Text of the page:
The hamilton library is on Hackage! It was mostly a proof-of-concept toy experiment to simulate motion on Bezier curves, but it became usable enough and accurate enough (to my surprise, admittedly) that I finished up some final touches to make it complete and put it on Hackage as a general-purpose physics simulator.
I’m releasing a new configuration language named Dhall with Haskell bindings. Even if you don’t use Haskell you might still find this language interesting. This language started out as an experiment to answer common objections to programmable configuration files. Almost all of these objections are, at their root, criticisms of Turing-completeness.
The goals of this little hack, called Hyper, is to make use of row polymorphism and other tasty type system features in PureScript to enforce correctly stacked middleware in HTTP server applications. All effects of middleware should be reflected in the types to ensure that otherwise common mistakes cannot be made.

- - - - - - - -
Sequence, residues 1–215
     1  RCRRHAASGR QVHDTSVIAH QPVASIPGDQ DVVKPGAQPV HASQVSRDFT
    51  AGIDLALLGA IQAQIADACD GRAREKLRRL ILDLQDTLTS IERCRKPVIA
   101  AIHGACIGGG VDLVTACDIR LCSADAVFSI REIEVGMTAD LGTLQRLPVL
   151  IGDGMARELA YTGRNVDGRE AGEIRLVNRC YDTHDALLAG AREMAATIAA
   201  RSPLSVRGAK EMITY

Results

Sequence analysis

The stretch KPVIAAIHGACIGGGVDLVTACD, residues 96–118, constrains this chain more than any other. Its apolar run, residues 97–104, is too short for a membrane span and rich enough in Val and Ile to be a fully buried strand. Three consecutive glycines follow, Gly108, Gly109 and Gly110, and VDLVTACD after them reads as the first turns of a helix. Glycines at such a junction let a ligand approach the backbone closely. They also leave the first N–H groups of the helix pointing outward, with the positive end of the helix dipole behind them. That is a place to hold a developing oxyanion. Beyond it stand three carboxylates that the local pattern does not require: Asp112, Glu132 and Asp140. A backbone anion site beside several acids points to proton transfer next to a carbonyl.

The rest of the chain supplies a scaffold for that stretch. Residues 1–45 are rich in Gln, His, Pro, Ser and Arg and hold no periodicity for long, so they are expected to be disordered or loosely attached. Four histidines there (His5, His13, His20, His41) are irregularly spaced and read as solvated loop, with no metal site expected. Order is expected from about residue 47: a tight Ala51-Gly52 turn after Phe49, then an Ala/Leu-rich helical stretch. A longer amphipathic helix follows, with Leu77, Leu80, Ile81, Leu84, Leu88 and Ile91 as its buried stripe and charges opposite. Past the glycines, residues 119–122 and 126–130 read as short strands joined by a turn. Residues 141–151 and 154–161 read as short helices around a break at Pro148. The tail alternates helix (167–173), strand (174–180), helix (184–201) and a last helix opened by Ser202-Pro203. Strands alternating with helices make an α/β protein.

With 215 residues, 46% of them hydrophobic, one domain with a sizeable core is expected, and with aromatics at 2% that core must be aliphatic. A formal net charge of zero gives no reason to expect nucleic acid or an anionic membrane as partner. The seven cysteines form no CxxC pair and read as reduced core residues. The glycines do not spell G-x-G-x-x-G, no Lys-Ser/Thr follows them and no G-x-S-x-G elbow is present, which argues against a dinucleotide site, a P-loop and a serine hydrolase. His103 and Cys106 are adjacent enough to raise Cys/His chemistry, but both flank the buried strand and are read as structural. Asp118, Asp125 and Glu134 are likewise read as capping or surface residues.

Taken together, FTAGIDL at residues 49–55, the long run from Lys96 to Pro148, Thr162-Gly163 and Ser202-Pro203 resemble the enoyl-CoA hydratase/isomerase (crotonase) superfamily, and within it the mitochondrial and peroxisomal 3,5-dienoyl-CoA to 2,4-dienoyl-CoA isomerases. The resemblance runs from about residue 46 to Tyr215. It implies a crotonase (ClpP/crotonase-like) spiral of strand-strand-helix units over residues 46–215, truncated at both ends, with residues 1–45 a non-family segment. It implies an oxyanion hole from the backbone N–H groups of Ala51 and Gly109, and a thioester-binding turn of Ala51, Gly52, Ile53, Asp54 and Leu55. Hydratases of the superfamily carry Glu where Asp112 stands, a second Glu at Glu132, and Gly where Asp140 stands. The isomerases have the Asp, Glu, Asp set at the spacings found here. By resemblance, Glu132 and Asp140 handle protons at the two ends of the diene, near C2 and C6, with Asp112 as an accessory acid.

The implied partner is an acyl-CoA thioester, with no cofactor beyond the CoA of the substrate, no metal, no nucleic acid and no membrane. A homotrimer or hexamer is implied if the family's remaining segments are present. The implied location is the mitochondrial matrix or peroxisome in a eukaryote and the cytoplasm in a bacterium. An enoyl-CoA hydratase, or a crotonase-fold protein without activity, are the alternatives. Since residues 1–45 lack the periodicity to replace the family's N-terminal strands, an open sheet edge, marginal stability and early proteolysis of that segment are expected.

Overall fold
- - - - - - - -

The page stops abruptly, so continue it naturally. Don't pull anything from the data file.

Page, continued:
The problem is that even on my machine
ghc --make -j3works better than
ghc --make -j8and I could not get more than 1.5x speedup. I’d like to see 8x speedup. Another problem is quick performance degradation once you exceed number of CPUs. Running
ghc --make -j20on my machine makes things seriously worse: compilation time is longer than in non-parallel mode!
One of the things we’re trying to get better about, here at HaLVM headquarters, is communicating with the wider HaLVM and unikernel communities. In particular, during those periods when we’re slowing building out upgrades, documents, or other things for the HaLVM, we tend to go silent.
The system we have been building is a pub/sub message bus with an in-memory store of published messages. This version in Go is a rewrite of our first implementation in Haskell. We stopped work on our Haskell version in May, after discovering fundamental latency problems with GHC’s garbage collector.
Two years ago, I wrote a series of blog posts inspired by Oliver Charles’ 24 Days of Hackage, to highlight some of the great work which was being done in the PureScript community. That original series focused on library development, but this year I’ve decided to write a series of short blog posts to highlight some of the work being done on the compiler itself.
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